Inauguration Day Blues

Maya QuoteIt seems like it’s been years since January 20, 2017.  A lot of people, many of them devout moderates, said that we should give Donald Trump a chance.  He’s not really going to do the things he says he’s going to do.  He’s not a true conservative.  He’s just saying those things to get elected.  Others preferred to heed the words of Maya Angelou:  “When someone shows you who they are believe them; the first time.”

Candidate Trump showed us who he was throughout the campaign.  President Trump didn’t hesitate to tell us how he feels about his constituents during his inaugural address:

“Mothers and children trapped in poverty in our inner cities; rusted out factories scattered like tombstones across the landscape of our nation; an education system flush with cash, but which leaves our young and beautiful students deprived of all knowledge; and the crime and the gangs and the drugs that have stolen too many lives and robbed our country of so much unrealized potential.”

Me, my daughter Joshua and her friend Nicole took a camera to the inauguration, but alas we missed the speech.   Although we tried at several locations, we never made it past security.  In what seemed like symbolism, we found anti-Trump protestors north of the mall, all of them in Maya Angelou’s camp.  South of the mall, we found many more pro-Trump attendees, also trying to get through security.  There were also a number of protesters on the south side of the mall whose motivations I still don’t understand. The video is below:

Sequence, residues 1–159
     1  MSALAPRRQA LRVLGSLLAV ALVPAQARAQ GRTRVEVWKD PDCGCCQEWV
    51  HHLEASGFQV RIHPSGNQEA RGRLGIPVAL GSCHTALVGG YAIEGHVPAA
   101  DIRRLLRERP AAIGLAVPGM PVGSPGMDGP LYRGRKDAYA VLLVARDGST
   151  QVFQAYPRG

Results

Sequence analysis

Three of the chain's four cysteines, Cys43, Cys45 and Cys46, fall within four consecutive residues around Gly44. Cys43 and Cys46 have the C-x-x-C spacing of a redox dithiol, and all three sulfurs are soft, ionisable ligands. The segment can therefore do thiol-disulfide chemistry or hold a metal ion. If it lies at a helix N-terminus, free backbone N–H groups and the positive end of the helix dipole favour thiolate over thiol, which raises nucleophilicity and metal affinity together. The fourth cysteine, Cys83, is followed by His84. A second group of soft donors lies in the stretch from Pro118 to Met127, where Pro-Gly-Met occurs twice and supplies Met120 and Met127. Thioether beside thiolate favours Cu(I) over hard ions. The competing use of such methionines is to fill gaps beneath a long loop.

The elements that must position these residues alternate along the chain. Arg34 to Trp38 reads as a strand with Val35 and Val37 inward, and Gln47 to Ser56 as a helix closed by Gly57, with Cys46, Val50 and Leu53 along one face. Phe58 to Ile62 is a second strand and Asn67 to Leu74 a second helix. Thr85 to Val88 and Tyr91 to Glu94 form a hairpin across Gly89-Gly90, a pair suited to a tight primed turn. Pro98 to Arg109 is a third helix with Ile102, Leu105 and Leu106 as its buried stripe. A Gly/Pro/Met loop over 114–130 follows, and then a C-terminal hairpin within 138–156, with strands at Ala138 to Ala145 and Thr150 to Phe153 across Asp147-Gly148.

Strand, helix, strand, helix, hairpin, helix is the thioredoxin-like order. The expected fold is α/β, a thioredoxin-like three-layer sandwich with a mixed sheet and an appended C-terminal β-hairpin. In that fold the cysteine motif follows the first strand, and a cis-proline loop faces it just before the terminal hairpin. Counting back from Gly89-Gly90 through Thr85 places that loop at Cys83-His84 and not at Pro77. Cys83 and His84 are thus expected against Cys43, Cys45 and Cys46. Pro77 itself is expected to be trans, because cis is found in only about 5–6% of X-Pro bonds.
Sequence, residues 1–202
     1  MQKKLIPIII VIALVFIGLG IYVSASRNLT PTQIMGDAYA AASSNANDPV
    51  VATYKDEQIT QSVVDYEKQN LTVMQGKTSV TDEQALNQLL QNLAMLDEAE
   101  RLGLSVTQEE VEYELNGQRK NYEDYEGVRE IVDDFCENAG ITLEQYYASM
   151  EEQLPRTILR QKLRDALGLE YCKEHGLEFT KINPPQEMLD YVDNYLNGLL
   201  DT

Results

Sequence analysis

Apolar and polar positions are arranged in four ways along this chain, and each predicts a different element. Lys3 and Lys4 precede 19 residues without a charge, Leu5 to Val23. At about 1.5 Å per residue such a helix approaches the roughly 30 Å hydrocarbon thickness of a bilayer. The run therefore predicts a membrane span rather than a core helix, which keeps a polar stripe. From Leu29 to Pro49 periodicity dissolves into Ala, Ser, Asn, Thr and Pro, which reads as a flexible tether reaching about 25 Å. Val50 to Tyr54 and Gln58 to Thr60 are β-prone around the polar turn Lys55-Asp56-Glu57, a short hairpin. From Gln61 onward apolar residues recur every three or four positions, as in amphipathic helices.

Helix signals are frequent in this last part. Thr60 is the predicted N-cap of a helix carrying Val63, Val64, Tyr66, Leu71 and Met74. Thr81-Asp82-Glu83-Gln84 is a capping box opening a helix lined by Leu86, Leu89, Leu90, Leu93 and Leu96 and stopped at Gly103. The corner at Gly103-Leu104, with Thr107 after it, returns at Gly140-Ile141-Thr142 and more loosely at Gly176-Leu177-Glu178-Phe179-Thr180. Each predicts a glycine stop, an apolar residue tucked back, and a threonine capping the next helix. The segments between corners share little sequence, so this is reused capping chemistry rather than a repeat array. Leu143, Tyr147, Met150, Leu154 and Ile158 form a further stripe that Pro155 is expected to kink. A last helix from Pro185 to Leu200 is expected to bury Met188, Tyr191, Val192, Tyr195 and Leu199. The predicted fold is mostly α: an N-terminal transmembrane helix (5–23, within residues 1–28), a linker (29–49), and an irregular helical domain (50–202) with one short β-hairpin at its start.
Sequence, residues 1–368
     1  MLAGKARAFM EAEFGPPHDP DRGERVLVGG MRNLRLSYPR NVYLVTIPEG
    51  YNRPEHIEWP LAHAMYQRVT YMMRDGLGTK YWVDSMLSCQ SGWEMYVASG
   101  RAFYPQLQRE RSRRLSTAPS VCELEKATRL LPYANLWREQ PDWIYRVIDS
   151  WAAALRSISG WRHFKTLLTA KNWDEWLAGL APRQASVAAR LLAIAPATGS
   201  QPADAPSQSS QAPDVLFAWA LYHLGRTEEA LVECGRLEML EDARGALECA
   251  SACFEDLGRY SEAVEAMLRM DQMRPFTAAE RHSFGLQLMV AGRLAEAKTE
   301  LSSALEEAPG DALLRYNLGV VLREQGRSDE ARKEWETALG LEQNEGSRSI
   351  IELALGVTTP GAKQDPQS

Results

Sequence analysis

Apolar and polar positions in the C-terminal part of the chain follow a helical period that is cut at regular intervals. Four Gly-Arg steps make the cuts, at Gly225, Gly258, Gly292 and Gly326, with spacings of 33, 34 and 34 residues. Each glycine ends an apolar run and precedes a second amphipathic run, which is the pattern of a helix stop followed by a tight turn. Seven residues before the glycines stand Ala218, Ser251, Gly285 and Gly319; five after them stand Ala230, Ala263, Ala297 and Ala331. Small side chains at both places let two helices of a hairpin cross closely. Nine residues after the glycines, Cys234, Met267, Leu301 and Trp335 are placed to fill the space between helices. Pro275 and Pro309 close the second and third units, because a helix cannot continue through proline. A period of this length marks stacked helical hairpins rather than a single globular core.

Within hours of the inauguration that so many of us missed, the pages on LGBT rights, civil rights, climate change, and health care were removed from the “issues” section of the official White House website.  Like icing on a mostly Styrofoam replica of Obama’s real inauguration cake, the video below popped up on my daughter’s twitter feed as we were making our way home.

I fear that the anti-Trump enthusiasm will wane as the long days of the Trump Administration stretch into weeks, months and years.   On the whole, I’d have to say that January 20, 2017, was not a good day.

DCMJ Inauguration Day Protest

What will the Trump Presidency mean to the District of Columbia?  With its status as a federal district, all laws passed by the City Council are subject to Congressional approval. Legislation like needle exchange programs and gun control have been held up and denied all together by Congress.  We can blame the conservative members of the House of Representatives for spear-heading these efforts but even a majority Democratic House and Senate have failed to uphold the laws that District residents and their representatives have passed when they cross the sensibilities of the Right.

With rumors that the Trump Administration plan to disrupt the District’s pro-choice and anti-gun legislation as well as the relatively new Death with Dignity Act, what can the many residents in favor of the legalization of Marijuana expect?

Local marijuana advocacy group DCMJ tried to get ahead of the issue with a pro-marijuana demonstration.  On the morning of the inauguration, DCMJ planned to distribute 4,200 joints.  This video below, shot by Joshua Rose Schmidt, shows how things went.

U.N. Experts Seem Horrified By How American Schools Treat Black Children

Cross-Posted from Huff Post Black Voices
Written by Rebecca Klein

Broken and dirty hallway resizedAmerican schools are hotbeds for racial discrimination, according to a preliminary report from a group of United Nations experts.

The U.N.’s Working Group of Experts on People of African Descent traveled around the U.S. last month to learn more about the various structural barriers and challenges African-American face. The group, which plans to release its full report in September, has given the media its preliminary findings, including several recommendations about reducing inequality in the U.S. education system.